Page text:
Immunisation requirements under the new Child Care Package

Published on Wednesday, 12 September 2018
Last updated on Monday, 20 July 2020

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The single Child Care Subsidy may have replaced the Child Care Benefit and Child Care Rebate, but something that hasn't changed under the New Child Care Package is the 'no jab, no pay' policy.

To be eligible for the Child Care Subsidy or Additional Child Care Subsidy, your youngster must meet the Government's immunisation requirements.

Here we look at what this means in practice and outline recent changes to the National Immunisation Program.

What are the immunisation requirements for the Child Care Subsidy?

To meet the Government's requirements and be eligible for child care assistance, all of your children aged under 20 must:

Broadly speaking, your child needs to be vaccinated to receive the subsidy, however, there is no need to tell the Government when they're vaccinated. The Government checks the AIR using your child’s Medicare details, and if your youngster was vaccinated overseas, simply provide the evidence of this to your Australian medical practitioner and they'll update the AIR for you.

In terms of timing, if your child stops meeting the immunisation requirements for some reason, then you have 63 days to start meeting them again before your subsidy stops.

There are also repercussions when it comes to the Family Tax Benefit Part A, and the Government may reduce these payments by up to $28.28 per child, per fortnight if your child doesn’t meet the immunisation requirements.

What immunisations do young children need, and when?

Under the National Immunisation Program schedule, here are the vaccines applicable for infants and preschoolers:
 


 

Age Vaccines
Birth
  • An injection for hepatitis B. Usually offered in hospital, this vaccine must be given within 7 days and is of greatest benefit if given in their first 24 hours.
2 months (vaccines can be given from 6 weeks old) 
  • A combined injection for diphtheria, tetanus, pertussis (whooping cough), hepatitis B, polio and Hib (haemophilus influenzae type b)
  • An injection for pneumococcal
  • Oral drops for rotavirus (6 to 14 weeks of age)
4 months 
  • A combined injection for diphtheria, tetanus, pertussis (whooping cough), hepatitis B, polio and Hib (haemophilus influenzae type b)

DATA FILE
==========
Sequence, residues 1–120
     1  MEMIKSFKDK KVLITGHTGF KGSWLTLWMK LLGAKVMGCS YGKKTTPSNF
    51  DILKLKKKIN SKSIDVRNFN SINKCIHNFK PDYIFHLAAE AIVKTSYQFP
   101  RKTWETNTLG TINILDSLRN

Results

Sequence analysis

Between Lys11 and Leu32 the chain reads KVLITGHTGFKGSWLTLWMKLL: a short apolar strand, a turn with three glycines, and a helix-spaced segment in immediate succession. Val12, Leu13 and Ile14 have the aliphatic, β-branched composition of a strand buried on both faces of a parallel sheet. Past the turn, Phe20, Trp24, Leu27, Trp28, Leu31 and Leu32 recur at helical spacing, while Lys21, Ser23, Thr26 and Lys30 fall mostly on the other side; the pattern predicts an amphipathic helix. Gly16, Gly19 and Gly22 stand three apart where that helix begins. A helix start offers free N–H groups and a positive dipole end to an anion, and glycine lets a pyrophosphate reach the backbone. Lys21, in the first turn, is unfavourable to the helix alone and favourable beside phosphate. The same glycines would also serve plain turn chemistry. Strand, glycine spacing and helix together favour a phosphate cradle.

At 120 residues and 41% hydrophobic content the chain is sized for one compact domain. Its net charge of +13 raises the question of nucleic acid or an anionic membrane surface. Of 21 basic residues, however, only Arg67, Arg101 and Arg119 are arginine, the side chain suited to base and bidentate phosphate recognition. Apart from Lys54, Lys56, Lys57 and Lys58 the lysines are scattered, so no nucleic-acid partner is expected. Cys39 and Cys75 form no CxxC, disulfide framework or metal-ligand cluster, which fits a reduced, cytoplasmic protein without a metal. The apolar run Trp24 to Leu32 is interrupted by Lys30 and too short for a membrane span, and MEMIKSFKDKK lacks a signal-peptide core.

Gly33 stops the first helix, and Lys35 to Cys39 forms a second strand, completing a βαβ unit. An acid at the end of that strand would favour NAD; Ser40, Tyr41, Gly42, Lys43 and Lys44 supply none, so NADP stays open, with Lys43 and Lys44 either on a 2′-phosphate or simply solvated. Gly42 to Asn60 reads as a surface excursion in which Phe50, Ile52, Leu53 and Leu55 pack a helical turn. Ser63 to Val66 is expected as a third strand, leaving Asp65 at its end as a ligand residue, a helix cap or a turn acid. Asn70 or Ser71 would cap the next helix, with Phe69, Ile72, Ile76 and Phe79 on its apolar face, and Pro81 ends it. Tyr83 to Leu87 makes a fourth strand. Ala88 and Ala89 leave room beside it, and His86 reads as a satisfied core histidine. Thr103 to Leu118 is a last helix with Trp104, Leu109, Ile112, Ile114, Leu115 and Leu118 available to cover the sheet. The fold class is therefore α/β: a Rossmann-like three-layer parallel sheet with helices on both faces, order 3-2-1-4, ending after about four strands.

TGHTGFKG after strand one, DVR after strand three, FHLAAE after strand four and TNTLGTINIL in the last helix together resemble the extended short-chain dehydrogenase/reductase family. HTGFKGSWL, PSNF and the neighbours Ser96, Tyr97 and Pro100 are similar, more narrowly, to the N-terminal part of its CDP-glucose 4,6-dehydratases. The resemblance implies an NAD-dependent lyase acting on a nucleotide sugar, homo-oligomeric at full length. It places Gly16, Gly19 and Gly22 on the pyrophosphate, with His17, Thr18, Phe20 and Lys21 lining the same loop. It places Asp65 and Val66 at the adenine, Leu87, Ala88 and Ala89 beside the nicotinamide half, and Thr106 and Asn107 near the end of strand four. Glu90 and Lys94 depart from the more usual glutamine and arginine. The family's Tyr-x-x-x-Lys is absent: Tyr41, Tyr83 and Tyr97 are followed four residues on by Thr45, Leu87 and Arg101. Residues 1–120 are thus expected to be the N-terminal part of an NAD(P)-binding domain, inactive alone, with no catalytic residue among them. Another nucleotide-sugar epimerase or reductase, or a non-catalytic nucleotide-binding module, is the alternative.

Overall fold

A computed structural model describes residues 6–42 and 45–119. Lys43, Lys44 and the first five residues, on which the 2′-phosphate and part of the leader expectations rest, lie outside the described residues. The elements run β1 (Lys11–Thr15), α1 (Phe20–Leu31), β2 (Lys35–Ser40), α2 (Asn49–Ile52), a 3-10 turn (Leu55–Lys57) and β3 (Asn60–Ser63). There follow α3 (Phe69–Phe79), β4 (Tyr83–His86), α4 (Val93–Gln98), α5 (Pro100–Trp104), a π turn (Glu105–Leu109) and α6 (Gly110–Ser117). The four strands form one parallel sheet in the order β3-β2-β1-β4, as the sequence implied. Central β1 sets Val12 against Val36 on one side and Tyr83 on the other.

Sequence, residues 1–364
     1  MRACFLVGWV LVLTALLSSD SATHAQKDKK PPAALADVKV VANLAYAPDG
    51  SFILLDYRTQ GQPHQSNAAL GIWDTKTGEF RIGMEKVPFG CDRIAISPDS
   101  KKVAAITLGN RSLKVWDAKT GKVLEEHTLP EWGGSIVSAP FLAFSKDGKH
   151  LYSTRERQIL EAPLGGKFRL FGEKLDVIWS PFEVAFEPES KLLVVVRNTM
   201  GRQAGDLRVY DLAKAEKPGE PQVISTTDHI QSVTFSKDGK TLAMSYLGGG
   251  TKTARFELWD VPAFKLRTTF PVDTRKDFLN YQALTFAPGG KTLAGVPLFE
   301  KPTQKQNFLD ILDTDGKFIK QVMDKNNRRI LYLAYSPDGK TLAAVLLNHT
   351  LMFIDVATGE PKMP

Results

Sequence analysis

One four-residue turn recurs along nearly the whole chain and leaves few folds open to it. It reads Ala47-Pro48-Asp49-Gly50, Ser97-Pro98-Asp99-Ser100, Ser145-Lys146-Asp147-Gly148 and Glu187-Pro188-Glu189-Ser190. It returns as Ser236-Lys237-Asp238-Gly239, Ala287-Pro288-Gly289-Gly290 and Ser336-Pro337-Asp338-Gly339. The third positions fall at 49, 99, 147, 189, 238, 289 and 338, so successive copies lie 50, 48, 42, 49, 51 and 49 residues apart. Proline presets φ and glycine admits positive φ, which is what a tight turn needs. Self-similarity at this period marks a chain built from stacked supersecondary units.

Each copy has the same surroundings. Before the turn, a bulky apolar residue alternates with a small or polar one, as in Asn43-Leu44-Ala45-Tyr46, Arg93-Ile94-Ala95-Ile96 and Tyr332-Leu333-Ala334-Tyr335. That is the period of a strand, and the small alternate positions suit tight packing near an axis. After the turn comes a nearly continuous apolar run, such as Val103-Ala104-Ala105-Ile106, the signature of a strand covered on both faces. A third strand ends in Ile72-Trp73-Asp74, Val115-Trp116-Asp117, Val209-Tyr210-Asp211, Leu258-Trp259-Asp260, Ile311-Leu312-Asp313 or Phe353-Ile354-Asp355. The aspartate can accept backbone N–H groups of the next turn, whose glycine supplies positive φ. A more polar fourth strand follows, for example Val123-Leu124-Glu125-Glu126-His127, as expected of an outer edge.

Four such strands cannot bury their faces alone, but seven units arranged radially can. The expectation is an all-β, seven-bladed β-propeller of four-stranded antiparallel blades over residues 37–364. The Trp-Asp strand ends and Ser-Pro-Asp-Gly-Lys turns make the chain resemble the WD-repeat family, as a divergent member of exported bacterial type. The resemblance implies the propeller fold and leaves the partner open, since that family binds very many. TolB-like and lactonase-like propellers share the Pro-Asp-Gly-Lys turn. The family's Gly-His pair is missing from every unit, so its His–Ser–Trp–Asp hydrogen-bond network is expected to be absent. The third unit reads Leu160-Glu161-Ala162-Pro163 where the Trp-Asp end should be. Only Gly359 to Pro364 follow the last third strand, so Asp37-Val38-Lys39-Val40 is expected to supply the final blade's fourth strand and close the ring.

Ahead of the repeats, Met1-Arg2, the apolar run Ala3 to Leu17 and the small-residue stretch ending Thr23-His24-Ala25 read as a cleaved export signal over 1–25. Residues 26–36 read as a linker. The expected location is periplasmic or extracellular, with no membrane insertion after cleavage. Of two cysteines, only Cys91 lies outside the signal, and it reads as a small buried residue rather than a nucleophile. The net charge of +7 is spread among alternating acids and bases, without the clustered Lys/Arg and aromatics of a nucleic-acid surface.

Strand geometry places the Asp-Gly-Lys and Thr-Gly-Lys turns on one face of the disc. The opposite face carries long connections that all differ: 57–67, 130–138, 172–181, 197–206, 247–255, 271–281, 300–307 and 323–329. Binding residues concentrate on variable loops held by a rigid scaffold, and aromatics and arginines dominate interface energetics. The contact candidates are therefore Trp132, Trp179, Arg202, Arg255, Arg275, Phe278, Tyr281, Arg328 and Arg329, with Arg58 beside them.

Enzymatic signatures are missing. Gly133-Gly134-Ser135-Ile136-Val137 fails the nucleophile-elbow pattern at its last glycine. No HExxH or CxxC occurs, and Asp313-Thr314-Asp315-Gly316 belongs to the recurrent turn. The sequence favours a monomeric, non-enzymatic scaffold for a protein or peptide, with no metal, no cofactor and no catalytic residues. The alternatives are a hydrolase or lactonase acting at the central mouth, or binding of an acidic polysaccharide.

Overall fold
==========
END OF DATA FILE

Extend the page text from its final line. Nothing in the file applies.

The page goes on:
• An injection for pneumococcal
  • Oral drops for rotavirus (10 to 24 weeks of age)
6 months 
  • A combined injection for diphtheria, tetanus, pertussis (whooping cough), hepatitis B, polio and Hib (haemophilus influenzae type b)
12 months 
  • An injection for meningococcal ACWY
  • A combined injection for measles, mumps and rubella
  • An injection for pneumococcal
18 months
  • An injection for Hib (haemophilus influenzae type b)
  • A combined injection for measles, mumps, rubella and varicella (chickenpox)
  • A combined injection for diphtheria, tetanus and pertussis (whooping cough)
4 years 
  • A combined injection for diphtheria, tetanus, pertussis (whooping cough) and polio



The schedule covers specific vaccine brands, and there are additional immunisations (including flu vaccines) for Aboriginal and Torres Strait Islander children and 'medically at-risk children'. Click here for that information, and also keep in mind that there are immunisation schedules for each State and Territory, meaning that additional government-funded vaccines may be applicable in your area.

What have been some recent changes to the National Immunisation Program schedule?

As of 1 July 2018, there have been four main changes to the schedule.

Namely:

  • The meningococcal ACWY vaccine has been introduced
  • There has been a change in the timing for the infant pneumococcal vaccine
  • There has been a change in the timing for the Hib (haemophilus influenzae type b) vaccine
  • A whooping cough vaccine has been added for pregnant women

In summary, it pays to have your child immunised – both in terms of their health and your family's eligibility for child care assistance.

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